Urban areas often have limited capacity to harvest solar energy

Project Insights

  • €246,574

    Total Project Costs
  • 3 yr

    Project Duration
  • 2018

    Year Funded

Project Description

This project aims to improve the sustainability and reduce the environmental impact of urban areas by exploring new approaches to solar energy harvesting. Solar cells need bright light in order to operate efficiently. In built up areas such as cities, the shadows cast by buildings reduce the ambient light levels, limiting the range of locations were solar panels can be installed. Greater urbanisation and increased building heights, limit the ability to increase solar capacity and to reduce a buildings carbon footprint. However, if diffuse or low intensity light can be concentrated onto smaller solar cells, the increase in performance will enable a much wider range of urban surfaces to be exploited for energy harvesting. Current fluorescence based methods to concentrate light are hampered by relatively low levels of efficiency, limiting their potential usefulness and widespread applicability. In contrast, nanoscale metal structures such as optical antennas can efficiently capture solar energy and transmit energy with greater control over direction. These attribute make them an attractive alternative to current solar concentration technologies. By focusing on the fundamental physics, antenna design, material properties and optical configurations, this project aims to explore the potential of large area optical antenna arrays to function as highly efficient solar concentrators. This exciting project could generate new and sustainable technology that facilitates our transition to a lower carbon society by enabling energy harvesting from a more diverse range of surfaces and in a wider range of lighting conditions.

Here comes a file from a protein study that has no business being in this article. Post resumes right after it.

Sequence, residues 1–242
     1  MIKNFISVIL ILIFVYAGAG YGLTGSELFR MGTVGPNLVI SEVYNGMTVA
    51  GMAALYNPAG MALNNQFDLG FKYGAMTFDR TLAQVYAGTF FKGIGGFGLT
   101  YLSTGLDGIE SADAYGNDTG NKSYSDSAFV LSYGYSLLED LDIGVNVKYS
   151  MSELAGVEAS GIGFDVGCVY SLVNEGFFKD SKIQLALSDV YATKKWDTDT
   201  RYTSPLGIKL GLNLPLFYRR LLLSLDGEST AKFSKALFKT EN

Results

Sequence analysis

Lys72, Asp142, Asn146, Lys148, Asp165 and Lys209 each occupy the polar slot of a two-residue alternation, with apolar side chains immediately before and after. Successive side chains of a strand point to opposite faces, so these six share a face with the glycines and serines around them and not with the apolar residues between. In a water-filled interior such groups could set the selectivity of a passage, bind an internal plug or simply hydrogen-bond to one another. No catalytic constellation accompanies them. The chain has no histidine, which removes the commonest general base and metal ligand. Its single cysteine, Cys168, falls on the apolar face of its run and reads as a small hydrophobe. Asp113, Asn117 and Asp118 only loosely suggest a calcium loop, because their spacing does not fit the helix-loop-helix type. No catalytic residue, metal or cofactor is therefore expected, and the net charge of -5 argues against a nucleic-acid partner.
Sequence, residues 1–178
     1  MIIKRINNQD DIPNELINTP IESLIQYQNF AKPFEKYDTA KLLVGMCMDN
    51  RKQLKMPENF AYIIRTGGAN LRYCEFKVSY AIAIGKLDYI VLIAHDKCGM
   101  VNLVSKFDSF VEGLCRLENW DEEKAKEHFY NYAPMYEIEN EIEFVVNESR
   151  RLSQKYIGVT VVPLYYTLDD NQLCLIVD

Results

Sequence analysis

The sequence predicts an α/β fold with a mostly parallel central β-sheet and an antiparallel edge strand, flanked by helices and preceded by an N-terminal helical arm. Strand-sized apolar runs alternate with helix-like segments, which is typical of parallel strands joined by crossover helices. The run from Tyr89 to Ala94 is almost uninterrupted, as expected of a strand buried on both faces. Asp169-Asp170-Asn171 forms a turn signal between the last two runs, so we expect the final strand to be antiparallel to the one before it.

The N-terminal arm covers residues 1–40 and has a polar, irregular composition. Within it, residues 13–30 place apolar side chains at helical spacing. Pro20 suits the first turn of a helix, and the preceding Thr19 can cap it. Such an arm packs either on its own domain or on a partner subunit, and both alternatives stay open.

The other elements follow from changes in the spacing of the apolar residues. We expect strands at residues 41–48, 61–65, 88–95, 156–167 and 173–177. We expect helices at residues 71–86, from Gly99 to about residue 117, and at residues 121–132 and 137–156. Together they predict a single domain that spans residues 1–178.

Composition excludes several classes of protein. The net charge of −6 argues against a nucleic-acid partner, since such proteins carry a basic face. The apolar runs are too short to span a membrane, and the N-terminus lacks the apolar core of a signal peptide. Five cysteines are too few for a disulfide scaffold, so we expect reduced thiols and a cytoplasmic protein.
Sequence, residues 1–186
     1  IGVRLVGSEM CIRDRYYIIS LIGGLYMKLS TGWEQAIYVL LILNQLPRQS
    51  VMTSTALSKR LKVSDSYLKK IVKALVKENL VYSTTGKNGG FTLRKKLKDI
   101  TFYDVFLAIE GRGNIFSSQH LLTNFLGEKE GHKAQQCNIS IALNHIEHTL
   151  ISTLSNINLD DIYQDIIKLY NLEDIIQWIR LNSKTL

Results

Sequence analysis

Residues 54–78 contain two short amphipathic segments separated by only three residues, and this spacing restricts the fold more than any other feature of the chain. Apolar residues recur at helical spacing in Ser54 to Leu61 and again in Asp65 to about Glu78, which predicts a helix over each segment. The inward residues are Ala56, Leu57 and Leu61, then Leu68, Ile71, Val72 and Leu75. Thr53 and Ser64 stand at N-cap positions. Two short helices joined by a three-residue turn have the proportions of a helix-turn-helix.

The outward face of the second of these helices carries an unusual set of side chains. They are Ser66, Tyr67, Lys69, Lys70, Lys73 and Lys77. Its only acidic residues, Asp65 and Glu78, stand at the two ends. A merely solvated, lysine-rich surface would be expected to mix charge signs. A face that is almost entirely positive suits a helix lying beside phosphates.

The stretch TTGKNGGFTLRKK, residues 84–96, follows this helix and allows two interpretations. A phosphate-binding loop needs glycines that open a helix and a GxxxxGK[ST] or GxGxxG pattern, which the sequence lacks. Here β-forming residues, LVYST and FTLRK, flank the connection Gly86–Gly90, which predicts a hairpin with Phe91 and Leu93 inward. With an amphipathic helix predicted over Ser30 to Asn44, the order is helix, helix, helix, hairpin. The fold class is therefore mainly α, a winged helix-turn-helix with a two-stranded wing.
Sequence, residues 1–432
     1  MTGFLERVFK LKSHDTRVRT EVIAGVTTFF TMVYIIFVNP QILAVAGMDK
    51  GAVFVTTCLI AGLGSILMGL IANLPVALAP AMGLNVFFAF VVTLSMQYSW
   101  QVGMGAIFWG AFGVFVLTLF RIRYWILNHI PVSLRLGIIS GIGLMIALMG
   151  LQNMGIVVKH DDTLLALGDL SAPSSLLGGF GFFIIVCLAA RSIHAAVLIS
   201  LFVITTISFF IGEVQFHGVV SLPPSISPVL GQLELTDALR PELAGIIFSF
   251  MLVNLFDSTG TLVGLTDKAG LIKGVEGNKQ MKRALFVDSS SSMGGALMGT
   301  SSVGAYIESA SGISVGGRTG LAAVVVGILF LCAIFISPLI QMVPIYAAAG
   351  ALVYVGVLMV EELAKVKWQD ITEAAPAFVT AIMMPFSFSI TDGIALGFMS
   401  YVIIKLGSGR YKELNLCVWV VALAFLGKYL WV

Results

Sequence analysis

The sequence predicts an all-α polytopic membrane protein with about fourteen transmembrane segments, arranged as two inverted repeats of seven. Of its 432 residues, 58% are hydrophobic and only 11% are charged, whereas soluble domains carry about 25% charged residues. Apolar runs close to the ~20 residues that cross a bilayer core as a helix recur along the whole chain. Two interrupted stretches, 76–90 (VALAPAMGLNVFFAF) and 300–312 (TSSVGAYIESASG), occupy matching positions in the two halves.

Project Details

Total Project Cost: €246,574

Funding Agency: SEAI

Year Funded: 2018

Lead Organisation: Dublin City University

Daragh Byrne | Lead Researcher(s)